Andrew Lilico is Executive Director and Principal of Europe Economics.

So, Nicola Sturgeon has, as expected, announced she will ask the Scottish Parliament for a second referendum on Scottish independence. She says that “if Scotland is to have a real choice…then that choice should be offered between the autumn of next year, 2018, and the spring of 2019”.

No-one should take seriously any suggestion that Sturgeon is only agitating for independence because of the UK’s vote to leave the EU. The SNP exists to promote independence, and after the 2014 vote was widely perceived as reasonably close, there was always likely to be another referendum within a decade or so, especially given SNP dominance at Holyrood.

Scotland is, of course, a country within the Union and thus (unlike, say, Yorkshire) it up to the Scots whether they stay. But that doesn’t mean it is up to the SNP to disrupt the economy and political society whenever it finds it to advantage to do so. If the Scots want another referendum, they should have one. But there’s no way the UK government — whose job it is, ultimately, to decide when referendum are held — should agree to hold one in late 2018 or early 2019.

First, is there any legitimate pretext for holding a referendum at all?

In 2014 Scotland decided, by a comfortable albeit not overwhelming 11 per cent margin, that decisions such as whether Scotland was in the EU should be made at UK level, not by Scotland alone. And that was not an undiscussed or wildly hypothetical instance of that principle, either. David Cameron’s promise of a UK referendum on Brexit was made in 2013 — long before the Independence referendum.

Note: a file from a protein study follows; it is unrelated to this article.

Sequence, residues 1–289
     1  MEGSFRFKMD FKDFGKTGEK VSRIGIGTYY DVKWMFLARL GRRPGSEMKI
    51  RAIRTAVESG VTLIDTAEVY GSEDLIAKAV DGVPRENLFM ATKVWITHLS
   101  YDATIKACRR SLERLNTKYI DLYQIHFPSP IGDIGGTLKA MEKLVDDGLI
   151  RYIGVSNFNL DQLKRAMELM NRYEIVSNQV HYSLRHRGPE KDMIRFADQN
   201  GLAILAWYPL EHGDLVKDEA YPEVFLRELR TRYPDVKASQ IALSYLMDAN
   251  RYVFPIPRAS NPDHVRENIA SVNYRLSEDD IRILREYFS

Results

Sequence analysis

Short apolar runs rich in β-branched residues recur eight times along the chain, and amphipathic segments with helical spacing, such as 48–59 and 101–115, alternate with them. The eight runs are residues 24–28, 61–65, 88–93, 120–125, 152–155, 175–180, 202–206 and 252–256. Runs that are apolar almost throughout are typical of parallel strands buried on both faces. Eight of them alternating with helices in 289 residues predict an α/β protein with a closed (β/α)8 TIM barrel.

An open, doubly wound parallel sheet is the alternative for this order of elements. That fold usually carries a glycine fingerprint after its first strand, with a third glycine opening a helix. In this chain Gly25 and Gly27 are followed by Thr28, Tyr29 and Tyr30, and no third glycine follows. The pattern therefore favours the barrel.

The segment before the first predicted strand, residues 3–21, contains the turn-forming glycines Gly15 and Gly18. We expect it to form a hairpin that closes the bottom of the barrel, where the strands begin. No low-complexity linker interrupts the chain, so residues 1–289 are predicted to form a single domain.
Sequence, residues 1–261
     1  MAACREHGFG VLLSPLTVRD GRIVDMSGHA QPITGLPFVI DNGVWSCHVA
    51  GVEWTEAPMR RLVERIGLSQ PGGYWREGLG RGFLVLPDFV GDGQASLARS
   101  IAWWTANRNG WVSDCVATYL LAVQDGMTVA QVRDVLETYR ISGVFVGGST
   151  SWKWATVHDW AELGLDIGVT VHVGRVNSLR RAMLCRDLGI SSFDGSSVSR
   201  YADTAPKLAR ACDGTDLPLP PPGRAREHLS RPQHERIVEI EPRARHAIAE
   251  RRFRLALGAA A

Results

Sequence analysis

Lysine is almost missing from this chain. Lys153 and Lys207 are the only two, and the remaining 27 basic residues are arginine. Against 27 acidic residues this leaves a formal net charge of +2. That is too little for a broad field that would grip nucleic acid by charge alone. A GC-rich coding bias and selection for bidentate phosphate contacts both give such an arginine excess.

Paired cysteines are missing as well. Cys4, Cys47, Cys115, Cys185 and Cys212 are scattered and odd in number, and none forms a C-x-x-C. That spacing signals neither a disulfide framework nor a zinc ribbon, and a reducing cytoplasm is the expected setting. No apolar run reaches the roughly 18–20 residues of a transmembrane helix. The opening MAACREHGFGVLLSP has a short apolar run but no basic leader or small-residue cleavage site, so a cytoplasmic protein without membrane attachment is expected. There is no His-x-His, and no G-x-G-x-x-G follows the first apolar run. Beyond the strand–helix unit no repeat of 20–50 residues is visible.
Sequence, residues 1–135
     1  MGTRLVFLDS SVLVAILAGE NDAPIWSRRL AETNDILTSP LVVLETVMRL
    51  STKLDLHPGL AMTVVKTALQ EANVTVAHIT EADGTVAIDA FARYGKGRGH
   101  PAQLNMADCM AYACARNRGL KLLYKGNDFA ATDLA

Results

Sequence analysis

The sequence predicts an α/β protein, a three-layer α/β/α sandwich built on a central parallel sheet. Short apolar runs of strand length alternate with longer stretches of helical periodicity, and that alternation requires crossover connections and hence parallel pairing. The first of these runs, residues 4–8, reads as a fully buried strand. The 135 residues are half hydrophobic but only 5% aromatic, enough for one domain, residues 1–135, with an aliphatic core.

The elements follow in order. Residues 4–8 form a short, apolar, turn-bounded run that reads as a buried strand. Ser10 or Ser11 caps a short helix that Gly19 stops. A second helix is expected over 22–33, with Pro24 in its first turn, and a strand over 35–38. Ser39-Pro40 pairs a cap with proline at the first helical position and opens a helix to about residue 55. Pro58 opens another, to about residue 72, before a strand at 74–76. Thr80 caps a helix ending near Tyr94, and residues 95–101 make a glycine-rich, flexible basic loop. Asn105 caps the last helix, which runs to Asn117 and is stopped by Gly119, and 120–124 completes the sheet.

So the fact that, after Scots decided that decisions like Brexit should be made at UK level, the decision over Brexit was in fact made at UK level, is simply a direct and predictable consequence of the 2014 referendum. Arguing that Brexit happening despite a majority of Scots voting against is a reason for a second independence referendum is straightforwardly a rejection of the legitimacy of the first independence referendum result.

It is no surprise that the SNP rejects a referendum result that went against them. But no-one else should think that rejecting the first referendum result is a legitimate reason for holding a second referendum.

No. The reason for holding a second referendum is the reason a second referendum would have been held even if the UK had voted to remain in the EU, namely that Scottish politics did not regard the first referendum as having really settled the matter. According to opinion polls, most Scots believe there should be a second referendum even though most of them still say they would vote remain part of the UK.

So there should probably be one. But when? Sturgeon is asking that the referendum be held at the most disruptive moment possible. A referendum in late 2018 would mean serious campaigning through from about March 2018, around a year from now. That would totally disrupt the UK’s Brexit negotiations, allowing any EU member state seeking anything from those negotiations to attempt to play off Scotland against the UK government. It would mean the Brexit deal that the UK including Scotland secured would probably be a worse deal. It would mean domestic policy energies, already stretched by the Brexit negotiations and attempts to secure new trade deals with non-EU countries, would be diverted and diluted. Policy errors might well creep through.